Peter of Spain

Peter Hispanus is a significant logicians of the 13th century. He wrote in 1240 twelve tracts that were handed down under the title " Summulae logicales ". They represent the most popular medieval introduction is in the logic and are read to the 17th century.


Often the logician Peter Hispanus is identified with the Portuguese physician Peter Hispanus (1205-1277), the XXI in his last year as Pope John. was appointed. This identification is not secured and controversial, as well as a Dominican named Peter Hispanus as a possible author of the Summulae logicales is discussed.


Peter Hispanus is by Dante in the Divine Comedy boasted wisdom among teachers in the canopy of the Paradiso (XII, 134-135 ) as Pietro Ispano lo qual già luce in dodici libelli ( Peter Hispanus whose light shines even in the twelve books ). His Summulae logicales was repeatedly reprinted and commented and were common until the 17th century at universities. They contain, among others, an early version of the Summary of the Aristotelian syllogistic. This is broadly in line with that of William of Sherwood. The dating of the logic fonts both logician is assessed differently so that their priority can not be determined unambiguously. But the memorable representation of Aristotelian logic for the scholastic education only reached popularity over Peter Hispanus. She is used to this day for the interpretation of Aristotle and is therefore meaningful.

Mnemonic syllogistic

The Summulae logicales Peter Hispanus speak in the first part of the Aristotelian logic and complement in the Tractatus IV mnemonics for syllogistic of Aristotle. They can also be found in Chapter III of Introductiones in Logicam of William of Sherwood. Both scholastics translated the Aristotelian sentences in an understandable language and shortened it from symbolically. Your translation can be reversed and the non-scanning the logical content of the original syllogism. Therefore, there is the logical advancement of scholastic representation only of symbolization with their mnemonic purpose. Last concentrated in a Wish poem which enumerates 19 Aristotelian syllogisms and identifies by name:

Encoding the statement forms and syllogisms

The scholastics replaced the difficult -to-understand statement forms that Aristotle in his Posterior Analytics used, by the immediately understandable expressions from earlier writings of Aristotle and shortened by the following vowel symbols from:

The mnemonic names to call after each statement occurring forms of the series in their first three vowels. The following table highlights the meaningful vowels in bold forth and transmits the names in syllogisms with two premises and a conclusion, is listed with a usually arrow → in the sense of " so ". The assignment of the syllogisms of the three figures of Aristotle presupposes the Wish poem. It should be noted that the scholastics swap the variables result in the statements of Originalsyllogismen. For example, would in direct abbreviation of the Aristotelian statement form "A is to B every " by AaB the syllogism Barbara the form of a Transitivgesetzes AaB, BaC → AaC. However, this original form disappears in scholastic presentation with interchanged variables. They also preferred instead of the Aristotelian if-then sentences with variables is an exemplary representation with three sets in a vertical arrangement:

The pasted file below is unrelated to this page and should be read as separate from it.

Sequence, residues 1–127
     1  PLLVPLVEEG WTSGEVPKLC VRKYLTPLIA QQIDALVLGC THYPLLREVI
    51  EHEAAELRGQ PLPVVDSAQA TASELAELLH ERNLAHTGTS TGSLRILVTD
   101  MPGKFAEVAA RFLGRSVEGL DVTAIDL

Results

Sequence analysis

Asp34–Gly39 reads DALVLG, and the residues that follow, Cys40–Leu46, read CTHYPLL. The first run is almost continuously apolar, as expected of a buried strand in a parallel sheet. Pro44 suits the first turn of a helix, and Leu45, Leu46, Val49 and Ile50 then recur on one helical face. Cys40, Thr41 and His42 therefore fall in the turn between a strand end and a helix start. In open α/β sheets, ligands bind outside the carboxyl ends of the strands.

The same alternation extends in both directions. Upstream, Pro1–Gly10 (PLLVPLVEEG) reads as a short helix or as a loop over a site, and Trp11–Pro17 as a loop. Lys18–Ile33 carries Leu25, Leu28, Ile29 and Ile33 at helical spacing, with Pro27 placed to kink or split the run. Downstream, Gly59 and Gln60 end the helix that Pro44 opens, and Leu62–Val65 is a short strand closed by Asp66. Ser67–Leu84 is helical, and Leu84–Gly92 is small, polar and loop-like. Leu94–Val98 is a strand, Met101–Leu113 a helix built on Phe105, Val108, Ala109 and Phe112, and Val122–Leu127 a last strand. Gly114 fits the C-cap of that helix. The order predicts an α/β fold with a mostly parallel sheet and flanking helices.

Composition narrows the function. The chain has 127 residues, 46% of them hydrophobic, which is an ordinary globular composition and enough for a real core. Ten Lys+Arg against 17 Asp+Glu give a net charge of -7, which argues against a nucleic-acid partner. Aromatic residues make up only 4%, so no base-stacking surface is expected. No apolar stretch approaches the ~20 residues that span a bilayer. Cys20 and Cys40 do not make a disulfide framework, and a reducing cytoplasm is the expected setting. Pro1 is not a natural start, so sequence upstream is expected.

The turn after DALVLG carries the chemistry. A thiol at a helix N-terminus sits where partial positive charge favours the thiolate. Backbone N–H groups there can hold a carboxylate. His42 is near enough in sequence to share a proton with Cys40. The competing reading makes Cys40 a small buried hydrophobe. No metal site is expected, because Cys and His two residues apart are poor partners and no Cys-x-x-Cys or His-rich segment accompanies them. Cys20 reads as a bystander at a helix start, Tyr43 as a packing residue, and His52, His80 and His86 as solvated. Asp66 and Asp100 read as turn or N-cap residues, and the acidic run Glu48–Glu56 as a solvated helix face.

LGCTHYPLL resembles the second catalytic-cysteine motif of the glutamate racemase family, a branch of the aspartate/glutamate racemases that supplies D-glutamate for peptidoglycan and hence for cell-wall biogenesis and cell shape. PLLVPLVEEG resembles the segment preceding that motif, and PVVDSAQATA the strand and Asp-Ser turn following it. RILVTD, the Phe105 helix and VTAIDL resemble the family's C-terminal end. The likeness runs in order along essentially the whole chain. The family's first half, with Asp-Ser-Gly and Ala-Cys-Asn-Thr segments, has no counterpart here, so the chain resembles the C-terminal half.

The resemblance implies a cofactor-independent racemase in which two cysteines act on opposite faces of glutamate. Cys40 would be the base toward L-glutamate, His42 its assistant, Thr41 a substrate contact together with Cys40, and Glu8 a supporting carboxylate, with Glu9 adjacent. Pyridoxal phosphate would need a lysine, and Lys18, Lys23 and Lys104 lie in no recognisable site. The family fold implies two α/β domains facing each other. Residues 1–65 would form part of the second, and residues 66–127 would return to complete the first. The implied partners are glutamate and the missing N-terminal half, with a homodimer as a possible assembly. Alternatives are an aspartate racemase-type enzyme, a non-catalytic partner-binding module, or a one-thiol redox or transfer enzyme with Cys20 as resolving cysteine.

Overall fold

Coding rules and evidence

The consonants of scholastic mnemonic names must also enter the evidence that began Aristotle in his evidence. A complete explanation of the consonants was only Peter Hispanus. He coded so that the Aristotelian syllogistic control system, which combines the following table:

The scholastic mnemonic names capture the syllogisms, together with proof. Excluded are the evidence of Darius and Ferio ( 1 figure), which Aristotle later nachreichte to reduce his axiom system. Even a trivial step in indirect evidence is not coded, namely that a and o or e and i to negate each other and contradict: The equations AaB = not ( AoB ) and AeB = not ( AUC ) can be applied there in silence. The following table highlights the meaningful consonant of the mnemonic names shown in bold and transfers the coding in the evidence of Aristotle. These are clear and precise understandable in scholastic symbolization:

Mnemonic name variants

The scholastic memory verse today is circulating in different variants. The core component includes the syllogisms of the 1st, 2nd and 3rd figure and remained unchanged up to orthographic variants in Camestres, Felapton, Baroco. The variation of the first figure was later replaced by a fourth character who only swapped the two premises. This, however, a change in the mnemonic names was necessary, notably Baralipton, Celantes, Dabitis, Fapesmo and Frisesomorum were converted into the following mnemonic names that use the code for the rules and provide the proof of the modified syllogism exactly:

Successor of Aristotle, completed the list of 19 Aristotelian syllogisms to all 24 possible syllogisms. They supplemented the missing in Aristotle decreases in syllogisms Barbara, Celarent, Camestres, Cesare, Calemes by a Subalteration the conclusion with the rules AaB → AuC or AeB → AoB. This provable, originating also from Aristotle rules have no consonant code; they will therefore not appear in the later modified common mnemonic names:

Porphyrianischer tree

Peter Hispanus coined in the Tractatus II, Chapter 11 of the Summulae logicales the concept of Porphyrianischen tree as a name for the tree, with the Boëthius the visualized based on the categories of Aristotle classification system of Porphyry.